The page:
To what may we attribute this explosion in personal indebtedness? We may certainly point to the proliferation of credit cards, mortgages, and home-equity loans in the past half century. But these are merely symptoms; the cause is rooted in character. Sinclair Ferguson has mentioned the slogan of one of the first credit cards (Access) introduced in the United Kingdom more than a generation ago: “It takes the waiting out of wanting.” Instead of saving over time to make a purchase, we are now able to reverse the order—we buy now and pay later. The problem is that the proliferation of credit allows us to buy with no thought to how we will pay, and with fewer and fewer restraints on our impulses. This generation has more stuff and aspires to a standard of living that would make its great-grandparents blush. But the tragic irony is that it cannot even afford the trinkets it has.
Accompanying this trend has been a generational shift in attitudes toward charitable giving. In a recent article, Tony Cartledge points to statistics indicating that the younger one is, the less he gives, proportional to his income, to his church. Cartledge goes on to cite two churches where the senior membership disproportionately underwrote the congregation’s expenses, and suggests that these are not isolated instances. He raises questions about what church giving will look like after these elderly members pass away.
What are we to make of these things? First, we should not forget that many still quietly work hard, save for their futures and their children’s futures, give generously, and live within their means. Second, the differences we have observed between past generations and the present generation are not due to the fact that past generations were uniformly Christian. Obviously they were not. Those generations, however, were bequeathed values that were imprinted with biblical wisdom. So, what biblical teachings informed those particular values?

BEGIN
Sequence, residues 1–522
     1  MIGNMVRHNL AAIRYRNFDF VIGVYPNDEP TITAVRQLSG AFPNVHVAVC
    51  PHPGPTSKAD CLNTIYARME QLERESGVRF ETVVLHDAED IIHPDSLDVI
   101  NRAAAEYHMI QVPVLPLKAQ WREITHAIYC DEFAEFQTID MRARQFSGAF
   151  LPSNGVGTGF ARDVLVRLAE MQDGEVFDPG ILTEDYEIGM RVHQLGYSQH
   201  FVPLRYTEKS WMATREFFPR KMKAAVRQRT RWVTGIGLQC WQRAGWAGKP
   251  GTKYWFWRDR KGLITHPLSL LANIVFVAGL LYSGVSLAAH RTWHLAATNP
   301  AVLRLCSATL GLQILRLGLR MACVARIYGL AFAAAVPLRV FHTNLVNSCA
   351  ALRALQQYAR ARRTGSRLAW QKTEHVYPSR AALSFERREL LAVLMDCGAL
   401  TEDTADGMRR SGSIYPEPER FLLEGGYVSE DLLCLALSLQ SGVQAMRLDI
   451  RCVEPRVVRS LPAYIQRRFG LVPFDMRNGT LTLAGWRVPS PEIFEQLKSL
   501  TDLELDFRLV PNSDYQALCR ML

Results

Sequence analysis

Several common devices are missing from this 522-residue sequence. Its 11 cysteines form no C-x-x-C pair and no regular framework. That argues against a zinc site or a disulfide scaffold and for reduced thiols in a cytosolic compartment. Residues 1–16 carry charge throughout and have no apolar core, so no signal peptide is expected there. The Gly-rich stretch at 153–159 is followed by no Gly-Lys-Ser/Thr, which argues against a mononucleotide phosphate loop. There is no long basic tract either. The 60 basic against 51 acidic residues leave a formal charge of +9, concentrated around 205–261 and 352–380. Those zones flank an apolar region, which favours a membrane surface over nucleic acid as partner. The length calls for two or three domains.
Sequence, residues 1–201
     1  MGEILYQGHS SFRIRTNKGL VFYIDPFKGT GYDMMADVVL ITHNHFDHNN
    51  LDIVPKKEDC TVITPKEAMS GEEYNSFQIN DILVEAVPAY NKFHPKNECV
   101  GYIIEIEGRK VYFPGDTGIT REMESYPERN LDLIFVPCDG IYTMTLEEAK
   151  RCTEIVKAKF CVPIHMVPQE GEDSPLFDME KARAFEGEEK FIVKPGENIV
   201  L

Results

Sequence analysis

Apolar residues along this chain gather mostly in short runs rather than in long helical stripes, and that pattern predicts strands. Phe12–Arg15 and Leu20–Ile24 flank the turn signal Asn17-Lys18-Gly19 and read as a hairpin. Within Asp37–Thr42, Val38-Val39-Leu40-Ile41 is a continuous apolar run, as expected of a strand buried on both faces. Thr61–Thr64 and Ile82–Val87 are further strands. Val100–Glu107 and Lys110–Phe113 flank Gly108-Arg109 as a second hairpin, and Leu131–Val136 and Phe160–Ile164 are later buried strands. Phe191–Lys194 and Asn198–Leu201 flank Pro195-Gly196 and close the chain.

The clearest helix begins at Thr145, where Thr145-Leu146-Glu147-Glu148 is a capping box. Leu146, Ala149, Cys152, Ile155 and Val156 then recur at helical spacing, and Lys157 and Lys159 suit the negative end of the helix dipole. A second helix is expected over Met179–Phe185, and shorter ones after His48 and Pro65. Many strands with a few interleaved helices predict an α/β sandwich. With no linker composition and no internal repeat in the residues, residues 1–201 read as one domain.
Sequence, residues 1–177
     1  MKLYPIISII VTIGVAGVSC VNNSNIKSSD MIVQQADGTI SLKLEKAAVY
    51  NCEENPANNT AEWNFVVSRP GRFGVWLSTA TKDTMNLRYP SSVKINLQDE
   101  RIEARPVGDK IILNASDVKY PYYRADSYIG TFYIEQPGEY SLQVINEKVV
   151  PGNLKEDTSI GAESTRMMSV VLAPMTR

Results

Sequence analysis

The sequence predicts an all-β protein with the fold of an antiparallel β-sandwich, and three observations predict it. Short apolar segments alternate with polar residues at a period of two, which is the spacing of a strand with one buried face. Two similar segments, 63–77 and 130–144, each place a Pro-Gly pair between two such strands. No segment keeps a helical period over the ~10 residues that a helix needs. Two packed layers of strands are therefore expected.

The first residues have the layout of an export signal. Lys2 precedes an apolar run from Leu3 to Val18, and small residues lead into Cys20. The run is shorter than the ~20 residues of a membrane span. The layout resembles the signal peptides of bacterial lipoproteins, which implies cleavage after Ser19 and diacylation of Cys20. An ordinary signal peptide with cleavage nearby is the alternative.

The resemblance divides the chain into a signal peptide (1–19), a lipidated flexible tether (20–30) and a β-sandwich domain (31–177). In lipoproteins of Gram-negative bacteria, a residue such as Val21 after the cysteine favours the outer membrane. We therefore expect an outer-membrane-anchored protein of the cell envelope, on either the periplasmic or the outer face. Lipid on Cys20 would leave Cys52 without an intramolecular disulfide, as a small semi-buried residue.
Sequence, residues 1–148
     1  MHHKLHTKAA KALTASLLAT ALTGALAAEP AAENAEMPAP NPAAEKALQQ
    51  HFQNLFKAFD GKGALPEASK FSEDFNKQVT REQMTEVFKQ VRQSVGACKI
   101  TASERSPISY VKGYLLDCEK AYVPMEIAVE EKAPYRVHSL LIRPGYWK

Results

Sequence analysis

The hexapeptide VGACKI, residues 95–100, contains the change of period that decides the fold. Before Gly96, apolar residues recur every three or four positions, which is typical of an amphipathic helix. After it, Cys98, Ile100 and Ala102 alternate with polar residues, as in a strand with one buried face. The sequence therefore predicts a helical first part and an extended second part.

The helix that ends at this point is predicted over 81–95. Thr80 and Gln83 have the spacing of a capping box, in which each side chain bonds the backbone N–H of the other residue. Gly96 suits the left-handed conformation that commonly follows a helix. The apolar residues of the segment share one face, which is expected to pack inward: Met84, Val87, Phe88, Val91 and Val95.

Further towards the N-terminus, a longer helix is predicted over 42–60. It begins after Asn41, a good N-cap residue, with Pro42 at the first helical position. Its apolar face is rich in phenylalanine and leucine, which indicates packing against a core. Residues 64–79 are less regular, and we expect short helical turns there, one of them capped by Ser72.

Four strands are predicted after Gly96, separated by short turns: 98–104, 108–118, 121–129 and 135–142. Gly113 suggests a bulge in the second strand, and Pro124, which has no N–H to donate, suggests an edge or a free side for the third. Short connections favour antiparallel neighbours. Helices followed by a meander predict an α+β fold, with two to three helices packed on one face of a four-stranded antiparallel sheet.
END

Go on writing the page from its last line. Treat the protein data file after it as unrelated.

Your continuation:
Scripture is filled with counsel for us to work hard, save our earnings, restrain our impulses to assume debt and spend, and give generously. The Proverbs, for instance, invite us to see these principles in the world around us. Just as the ant is a picture of sacrificial labor (Prov. 6:6), the sluggard is a cautionary tale of the this-worldly consequences of laziness and indolence (24:30–35). In the providence of God, it is hard work—not “worthless pursuits” or “hasten[ing] to be rich”—that is the path to wealth (28:19–20; see 10:4). Similarly, Scripture cautions against indebtedness (22:7; Rom 13:8), even as it stresses that the wise man saves the “precious treasure and oil” that the fool “devours” (Prov. 21:20). In fact, unchecked spending, fueled by a desire for more things, leads to poverty (v. 17). We are called not only to save our earnings, but also to give generously to those in need (19:17, 22:9; Eccl. 11:1). Giving is often the path to this-worldly blessedness, but stinginess leads to cursedness (Prov. 28:27).